## Section Project: More on Equivalence Classes

###### Problem 8.24.

Suppose \(R\) is an equivalence relation on the set \(A\text{.}\) Prove that the set of all equivalence classes defined by \(R\) form a partition of \(A\text{.}\)

###### Problem 8.25.

We might think of two compound sentences in propositional logic to be “equivalent” if they have the same truth tables. For example, the truth table below shows that every implication \(p\rightarrow q\) is equivalent to its contrapositive \(\lnot q \rightarrow \lnot p\text{.}\)

\(p\) | \(q\) | \(p\rightarrow q\) | \(\lnot q \rightarrow \lnot p\) | |

0 | 0 | 1 | 1 | |

0 | 1 | 1 | 1 | |

1 | 0 | 0 | 0 | |

1 | 1 | 1 | 1 | |

Let \(\A\) be the (infinite) set of all compound sentences in propositional logic that can be constructed using the sentence variables \(p\) and \(q\) and the connectives \(\lnot\text{,}\) \(\land\text{,}\) \(\lor\) and \(\rightarrow\text{.}\) For \(a,b \in A\) we say that \(a\equiv b\) if \(a\) and \(b\) have the same truth table.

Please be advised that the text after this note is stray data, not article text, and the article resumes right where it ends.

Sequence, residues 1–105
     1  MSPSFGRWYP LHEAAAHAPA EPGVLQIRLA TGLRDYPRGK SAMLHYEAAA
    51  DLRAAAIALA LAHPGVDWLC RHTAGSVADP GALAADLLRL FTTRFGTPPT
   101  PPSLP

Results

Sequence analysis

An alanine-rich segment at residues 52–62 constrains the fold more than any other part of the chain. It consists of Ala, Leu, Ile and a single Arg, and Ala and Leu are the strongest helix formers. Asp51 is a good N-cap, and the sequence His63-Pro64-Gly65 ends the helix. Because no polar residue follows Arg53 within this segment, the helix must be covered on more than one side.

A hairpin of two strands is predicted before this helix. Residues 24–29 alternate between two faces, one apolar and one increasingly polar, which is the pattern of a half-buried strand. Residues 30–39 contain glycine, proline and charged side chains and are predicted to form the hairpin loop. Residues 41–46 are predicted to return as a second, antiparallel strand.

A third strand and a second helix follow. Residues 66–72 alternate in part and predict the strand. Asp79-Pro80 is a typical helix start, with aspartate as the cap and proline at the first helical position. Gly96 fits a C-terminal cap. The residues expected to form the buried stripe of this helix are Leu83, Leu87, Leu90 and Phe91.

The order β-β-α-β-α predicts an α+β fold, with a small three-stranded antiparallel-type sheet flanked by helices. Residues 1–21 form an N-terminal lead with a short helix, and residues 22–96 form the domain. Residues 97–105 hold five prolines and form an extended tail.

Show that \(\equiv\) is an equivalence relation.

List of as many non-equivalent compound sentences as you can.

How many different equivalence classes are there?

###### Problem 8.27.

Let \(\mathbf S = \{a,b,c,d,e,f,g,h\}\text{,}\) let \(\mathbf T = \{a,b,c\}\) and let \(\A\) be the set of all (\(2^8\)) subsets of \(\mathbf S\text{.}\) For \(X,Y \in \A\text{,}\) we define \(X R Y\) if \(X\) and \(Y\) have the same intersection with \(\mathbf T\text{.}\) Determine if \(R\) is an equivalence relation and if so, describe the equivalence classes.

###### Problem 8.28.

Let \(\A = \{0,1\}^5\) be the set of 32 different five-tuples of 0s and 1s, that is, all sequences \((a,b,c,d,e)\) where \(a,b,c,d,e\in\{0,1\}\text{.}\) For \(x,y \in \A\text{,}\) define \(x R y\) to mean that \(x\) and \(y\) have the same number of 1s. Show that \(R\) is an equivalence relation and write down all the members of each of the different equivalence classes.

###### Problem 8.29.

Let \(n\) is a positive integer and let \(\A = \{0,1\}^n\) be the set of all \(n\)–tuples of 0s and 1s. For \(x,y \in \A\text{,}\) again define \(xR y\) to mean that \(x\) and \(y\) have the same number of 1s. How many different equivalence classes does \(\A\) have?